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Township of Lakewood v. Epic Management


July 20, 2009


On appeal from Superior Court of New Jersey, Law Division, Ocean County, Docket No. L-3116-04.

Per curiam.


Argued March 24, 2009

Before Judges Parker, Yannotti and LeWinn.

Third-party defendant CJ Contractors, Inc. (CJ) appeals from an order entered on July 20, 2007, awarding counsel fees and costs to third-party plaintiff, Epic Management, Inc., (Epic) in the amount of $219,310.80 for defense of the claims made by plaintiff Township of Lakewood (Lakewood) against Epic and Epic's action against CJ for indemnification and reimbursement of those fees and costs.*fn1

The facts relevant to this appeal are as follows. Epic was awarded a contract by Lakewood to construct a minor league baseball stadium. In June 2000, Epic contracted with CJ to provide drywall, carpentry and asphalt shingle work for the project. The contract contained indemnification provisions in Articles 23.1 and 30.1. In Article 23.1, CJ agreed to indemnify and hold Epic harmless "[t]o the fullest extent permitted by law . . . for any and all damage or injury of any kind or nature whatever . . . to all persons, whether employees of [CJ] or otherwise and to all property, caused by, resulting from, arising out of or occurring in connection with the execution of the Work."

In Article 30.1, CJ agreed to hold Epic harmless and indemnify it "to the fullest extent as permitted by law" for any claim in arbitration or suit "for negligence, tort, or otherwise . . . made or asserted against Epic arising out of, or in connection with the work or services performed hereunder by [CJ]."

Lakewood sued Epic because the stadium roof leaked. The project specifications called for ISO insulation board for the roof. The architect's drawings did not have any reference to ISO insulation board, however, and CJ installed most of the roof without it.

Various experts attributed the leaks to various factors, including failure to have sufficient space between the shingles and metal decking, and roof nails installed incorrectly causing the asphalt shingles to dimple and protrude in the areas where the ISO board was not installed. After Epic was sued by Lakewood, Epic invoked the indemnification provisions under its contract with CJ. The underlying action was settled and only the third-party claims remained. In February 2007, Epic moved to compel CJ to provide defense and indemnification and that motion was granted on March 30, 2007. Thereafter, the parties settled with Lakewood. CJ and the other defendants contributed to the settlement, but Epic did not. Epic received $35,000 from the other defendants on its cross-claim.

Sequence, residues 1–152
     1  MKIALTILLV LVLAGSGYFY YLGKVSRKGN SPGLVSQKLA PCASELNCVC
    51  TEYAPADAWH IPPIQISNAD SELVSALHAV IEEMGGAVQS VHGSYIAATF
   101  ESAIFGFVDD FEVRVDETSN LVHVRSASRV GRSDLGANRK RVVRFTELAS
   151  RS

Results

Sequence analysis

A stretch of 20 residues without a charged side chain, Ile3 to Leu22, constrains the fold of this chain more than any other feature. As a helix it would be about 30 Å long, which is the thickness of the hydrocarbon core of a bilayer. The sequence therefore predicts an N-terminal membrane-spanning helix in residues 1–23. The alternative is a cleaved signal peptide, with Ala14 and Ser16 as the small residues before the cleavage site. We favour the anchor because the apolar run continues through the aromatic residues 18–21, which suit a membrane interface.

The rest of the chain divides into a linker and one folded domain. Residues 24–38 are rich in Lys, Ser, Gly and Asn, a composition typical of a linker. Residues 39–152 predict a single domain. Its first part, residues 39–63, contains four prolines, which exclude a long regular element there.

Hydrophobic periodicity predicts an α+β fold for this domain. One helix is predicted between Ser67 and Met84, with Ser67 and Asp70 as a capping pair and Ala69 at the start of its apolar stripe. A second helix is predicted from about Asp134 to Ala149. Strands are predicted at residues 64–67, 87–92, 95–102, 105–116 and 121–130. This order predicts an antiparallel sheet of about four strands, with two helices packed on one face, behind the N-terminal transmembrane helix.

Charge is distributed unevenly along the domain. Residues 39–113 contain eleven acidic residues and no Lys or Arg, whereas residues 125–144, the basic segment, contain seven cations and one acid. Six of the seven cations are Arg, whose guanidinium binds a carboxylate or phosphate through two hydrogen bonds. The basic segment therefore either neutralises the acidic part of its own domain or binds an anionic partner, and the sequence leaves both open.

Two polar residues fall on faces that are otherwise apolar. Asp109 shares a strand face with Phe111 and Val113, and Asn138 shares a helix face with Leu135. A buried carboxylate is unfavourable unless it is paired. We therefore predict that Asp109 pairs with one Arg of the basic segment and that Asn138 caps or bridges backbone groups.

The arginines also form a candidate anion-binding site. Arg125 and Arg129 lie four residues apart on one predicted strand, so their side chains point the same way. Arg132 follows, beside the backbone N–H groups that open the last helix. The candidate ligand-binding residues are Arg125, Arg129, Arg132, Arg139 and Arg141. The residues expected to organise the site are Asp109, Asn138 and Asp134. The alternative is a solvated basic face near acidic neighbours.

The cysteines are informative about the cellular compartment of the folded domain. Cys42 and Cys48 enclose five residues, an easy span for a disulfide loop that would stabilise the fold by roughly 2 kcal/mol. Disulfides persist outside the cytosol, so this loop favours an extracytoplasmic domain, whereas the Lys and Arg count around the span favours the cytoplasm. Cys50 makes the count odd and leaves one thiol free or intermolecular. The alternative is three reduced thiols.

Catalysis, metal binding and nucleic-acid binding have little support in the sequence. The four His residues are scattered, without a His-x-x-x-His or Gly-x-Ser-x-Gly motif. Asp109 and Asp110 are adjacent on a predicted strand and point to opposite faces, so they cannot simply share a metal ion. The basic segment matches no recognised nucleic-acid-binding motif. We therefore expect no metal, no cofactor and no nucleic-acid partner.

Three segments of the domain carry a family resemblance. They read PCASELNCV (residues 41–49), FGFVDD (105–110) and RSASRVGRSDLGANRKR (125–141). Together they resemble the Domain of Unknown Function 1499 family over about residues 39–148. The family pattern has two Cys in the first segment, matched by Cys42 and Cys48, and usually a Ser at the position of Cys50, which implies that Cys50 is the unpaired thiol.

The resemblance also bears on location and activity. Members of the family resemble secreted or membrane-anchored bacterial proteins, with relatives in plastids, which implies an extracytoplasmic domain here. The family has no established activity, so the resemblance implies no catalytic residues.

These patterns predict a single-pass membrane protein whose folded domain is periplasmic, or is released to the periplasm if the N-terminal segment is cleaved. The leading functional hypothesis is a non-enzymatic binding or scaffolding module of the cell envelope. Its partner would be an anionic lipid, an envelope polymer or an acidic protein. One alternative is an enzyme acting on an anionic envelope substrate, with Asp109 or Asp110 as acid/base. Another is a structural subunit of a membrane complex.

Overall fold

After the settlement, Epic moved for indemnification of legal fees incurred in defending Lakewood's action and pursued its indemnification claims against CJ. On July 20, 2007, the trial court granted Epic's motion and ordered CJ to pay $219,310.80 for Epic's fees and costs. The parties then entered a stipulation of dismissal on January 3, 2008, stating:

The matter in difference in the above entitled action having been amicably adjusted by and between the parties, it is hereby stipulated and agreed that the same be and it is hereby dismissed without costs against any party and with prejudice, except claims for indemnification by third-party plaintiff Epic Management, Inc. ("Epic") against third-party defendant CJ Contractors, Inc. ("CJ") concerning the attorney's fees and costs awarded to Epic and against CJ, pursuant to the order entered . . . on July 20, 2007. [Emphasis added.]

The stipulation of dismissal renders CJ's appeal of the March 30, 2007 order moot, except for CJ's claim that the trial court erred by requiring it to indemnify Epic for the fees and costs incurred in defending Lakewood's claims. Consequently, we will address CJ's arguments only with respect to indemnification of the fees and costs awarded to Epic in the July 20, 2007 order. R. 2:8-2.

We begin our analysis with CJ's argument that the indemnification clauses are conflicting and ambiguous. CJ contends that the ambiguity arises because Article 23.1 refers to "Work," which would encompass all damages arising from the defective roof, while Article 30.1 narrows CJ's liability to "work or services" performed by it, which would not include damages arising from Epic's negligence. Relying on Ramos v. Browning Ferris Industries, Inc., 103 N.J. 177, 191 (1986), CJ argues that the trial court should have construed these conflicting provisions against Epic as the drafter of the contract and denied its motion to compel defense and indemnification. CJ further argues that Meder v. Resorts Int'l Hotel, Inc., 240 N.J. Super. 470, 478-80 (App. Div. 1989), certif. denied, 121 N.J. 608 (1990), supports its position. We disagree.